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        wizlon on #52018

        Hi John:

        My best time on 400m (self-recorded, so it's got to be iffy) is just under 70 seconds, but I wasn't actually trying to get one fast lap – it was one of a series of half a dozen or so, so there was some kinda sorta pacing in there (but not much).  I can't recall my 100m time, probably around 15 or so.  I'm not a million miles off then – maybe I can indeed have some fun too! 🙂

        It's starting to warm-up a bit here in TN, so maybe this weekend I can go to the local track and get myself a "new-season" starting point for time (self timed again, but it's either that or nothing). 🙂

        I'll try to sneak a IBDR session in before hand (possibly later tonight) – I'll run hard and fast, but it won't be measured distance wise, I'll just have to go by stop-watch time.  There's no rhyme or reason in my training right now, I'm just trying to stay fit, so this is as good a starting point as any.

        I am also doing a lot of strength-training – again this is focused not on becoming a track athlete (never could I associate those words to me) but rather to again keep myself in good/better shape.  This will impact both my ability to run as well as my overall performance.  I expect my initial running times will be quite slow relative to where I got to last year, but I'll post them here anyway, just for the fun of it. 🙂

        I'll also post my thoughts on IBDR after I've tried it out.  It'll be interesting to see if I do it just once or whether I like it enough to make it a staple part of my sprinting workouts. 🙂

        I'm enjoying the conversation, I appreciate you taking the time to chit-chat on this – it's hard to find folks my-age who want to do this. 🙂

        WiZ

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        john-c-s on #52019

        I'm enjoying the conversation, I appreciate you taking the time to chit-chat on this – it's hard to find folks my-age who want to do this. 🙂

        No probs, I know what you mean.

        Sounds like you are similar to where I was last year. I did weights and ran simply to keep fit and probably wouldn't have done anything more if my daughter hadn't done athletics.

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        wizlon on #52020

        Yes, sounds similar, but in my case my new fitness lifestyle is rubbing off on my daughter (she's 7) – she works out with me in my gym, and she's quite good!  My son (10) is still more interested in his playstation – she can beat him in arm wrestling matches, which is embarrassing. 🙂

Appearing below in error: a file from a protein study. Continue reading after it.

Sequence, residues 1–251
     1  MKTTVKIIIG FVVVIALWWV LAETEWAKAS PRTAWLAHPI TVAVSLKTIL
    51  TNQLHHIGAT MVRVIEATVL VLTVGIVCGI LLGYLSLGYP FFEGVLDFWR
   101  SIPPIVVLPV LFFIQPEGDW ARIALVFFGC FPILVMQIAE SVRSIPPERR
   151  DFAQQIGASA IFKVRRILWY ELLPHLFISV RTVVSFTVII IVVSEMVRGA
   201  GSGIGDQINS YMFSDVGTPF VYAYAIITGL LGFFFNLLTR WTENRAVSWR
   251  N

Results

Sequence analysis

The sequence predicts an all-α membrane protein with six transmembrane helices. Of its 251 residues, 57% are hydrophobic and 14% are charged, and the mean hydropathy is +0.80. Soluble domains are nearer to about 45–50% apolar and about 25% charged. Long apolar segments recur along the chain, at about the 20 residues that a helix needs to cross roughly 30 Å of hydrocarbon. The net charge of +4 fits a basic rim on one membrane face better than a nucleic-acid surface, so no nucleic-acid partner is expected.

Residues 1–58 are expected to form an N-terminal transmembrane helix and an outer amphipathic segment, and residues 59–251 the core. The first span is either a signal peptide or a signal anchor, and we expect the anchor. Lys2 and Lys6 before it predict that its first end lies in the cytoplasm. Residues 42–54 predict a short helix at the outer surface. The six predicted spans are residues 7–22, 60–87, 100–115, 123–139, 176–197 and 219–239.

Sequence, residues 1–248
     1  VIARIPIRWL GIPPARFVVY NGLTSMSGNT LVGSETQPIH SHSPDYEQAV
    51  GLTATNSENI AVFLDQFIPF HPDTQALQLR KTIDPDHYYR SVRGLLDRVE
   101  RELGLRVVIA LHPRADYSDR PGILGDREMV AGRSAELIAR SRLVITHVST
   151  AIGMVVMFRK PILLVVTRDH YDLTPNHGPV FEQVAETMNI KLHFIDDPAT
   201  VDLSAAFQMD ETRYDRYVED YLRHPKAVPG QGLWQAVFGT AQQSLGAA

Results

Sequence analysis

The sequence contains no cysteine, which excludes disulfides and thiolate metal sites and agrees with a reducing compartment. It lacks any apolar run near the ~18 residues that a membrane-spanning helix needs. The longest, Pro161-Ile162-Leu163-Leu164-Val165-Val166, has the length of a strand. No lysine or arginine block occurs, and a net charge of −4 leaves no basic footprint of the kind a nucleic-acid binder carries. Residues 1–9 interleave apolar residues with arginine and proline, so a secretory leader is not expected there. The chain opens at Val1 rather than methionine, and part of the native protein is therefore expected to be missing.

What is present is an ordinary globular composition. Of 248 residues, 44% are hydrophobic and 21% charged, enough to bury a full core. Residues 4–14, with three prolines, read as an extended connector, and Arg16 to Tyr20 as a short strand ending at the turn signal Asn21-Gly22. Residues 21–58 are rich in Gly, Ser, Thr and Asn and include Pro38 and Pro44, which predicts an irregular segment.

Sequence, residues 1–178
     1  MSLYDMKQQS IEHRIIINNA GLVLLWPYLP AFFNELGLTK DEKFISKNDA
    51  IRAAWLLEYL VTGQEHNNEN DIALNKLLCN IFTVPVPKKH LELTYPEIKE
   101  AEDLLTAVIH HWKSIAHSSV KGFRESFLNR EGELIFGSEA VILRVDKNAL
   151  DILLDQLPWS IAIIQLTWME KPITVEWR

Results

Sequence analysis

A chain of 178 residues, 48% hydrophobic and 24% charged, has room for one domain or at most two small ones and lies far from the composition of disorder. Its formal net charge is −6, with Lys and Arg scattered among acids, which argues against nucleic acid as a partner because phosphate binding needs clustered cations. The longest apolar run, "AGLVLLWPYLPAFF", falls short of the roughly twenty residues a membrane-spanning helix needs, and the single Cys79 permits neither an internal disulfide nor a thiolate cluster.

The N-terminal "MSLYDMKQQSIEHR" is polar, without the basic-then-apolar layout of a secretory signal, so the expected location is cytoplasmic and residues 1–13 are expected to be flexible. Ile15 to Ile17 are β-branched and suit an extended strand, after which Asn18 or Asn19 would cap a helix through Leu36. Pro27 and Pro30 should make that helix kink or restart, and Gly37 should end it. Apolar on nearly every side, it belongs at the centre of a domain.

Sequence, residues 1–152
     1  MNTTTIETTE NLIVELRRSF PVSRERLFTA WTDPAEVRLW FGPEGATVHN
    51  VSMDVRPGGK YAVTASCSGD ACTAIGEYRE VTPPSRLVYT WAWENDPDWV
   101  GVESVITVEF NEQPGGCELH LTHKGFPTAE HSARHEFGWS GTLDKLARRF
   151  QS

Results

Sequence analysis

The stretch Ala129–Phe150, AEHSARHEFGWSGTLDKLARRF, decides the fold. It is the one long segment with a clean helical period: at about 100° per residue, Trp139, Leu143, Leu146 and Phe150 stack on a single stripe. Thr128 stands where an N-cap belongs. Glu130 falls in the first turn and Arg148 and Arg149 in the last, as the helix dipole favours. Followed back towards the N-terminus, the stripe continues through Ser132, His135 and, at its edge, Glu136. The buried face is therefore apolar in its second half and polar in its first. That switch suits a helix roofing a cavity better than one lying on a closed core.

I started on the fitness quest after a wake-up call 18 months or so ago, although I had actually started "moving" (slowly) even before that.

        I love to sprint, and was reading up on it, thats' how I found this place.  Damn great web site – good advice, nice people, no BS. 🙂

        I don't post much (this thread is the exception :-)), but I read a lot and am always finding something new to try.  And you now have me thinking about competing (for fun) in some track events now… :tumble:

        WiZ

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        stormbikes on #52021

        Hi folks – perhaps you may find this interesting.
        I am a masters athlete (male 44)and started about 2 years ago.
        My racing is mostly sprint to middle distance and i have a long
        way to go yet!  My training varies quite a bit and involves a few
        long runs each week as well as short sharp stuff (nothing too technical)
        I post my daily workouts etc at –
        https://40somethingathlete.blogspot.com  check it out if you like

        Paul (stormbikes)

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        john-c-s on #52022

        Good to see more joining the party  :biggrin:

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        wizlon on #52023

        Well I tried the "IBDR" routine today.  After a good warmup, my first run was actually 400m as fast as I could go.  This was because the first run with IBDR should be around 60-70 seconds – right in line with my sloth-like 400m running time.  :laugh:  I recorded a self-measured time of 69.3 seconds, which is not too bad for me, especially as it's my first of the season (i.e. outdoors on a real track).  That gives me a target to aim for hereafter of course.  :spin:  I rested exactly 3 minutes (as opposed to 3×70 seconds for this one interval), then proceeded with the rest of the session:

        50-sec run, 2.5min rest
        40-sec run, 2min rest
        30-sec run, 1.5min rest
        20-sec run, 1min rest
        15-sec run, end

        This is the opposite of Christian Thibeaudau's Running Man routine (Interval Build Up Running – which has intervals that get longer, my version for today had intervals that got shorter).  I've done IBUR before and liked it, but not on a track (was outside though).

        All runs were as "fast as I could go".  Typically, for the runs over about 100m, I would not plan to go "all-out" – I pace myself (I guess that's normal?).  I was expecting that as I got to the 20- and especially 15-sec run, they would be "all-out" sprints.  That didn't happen.  I think my brain sent the signals, but my legs felt like clay and they would not fire quickly.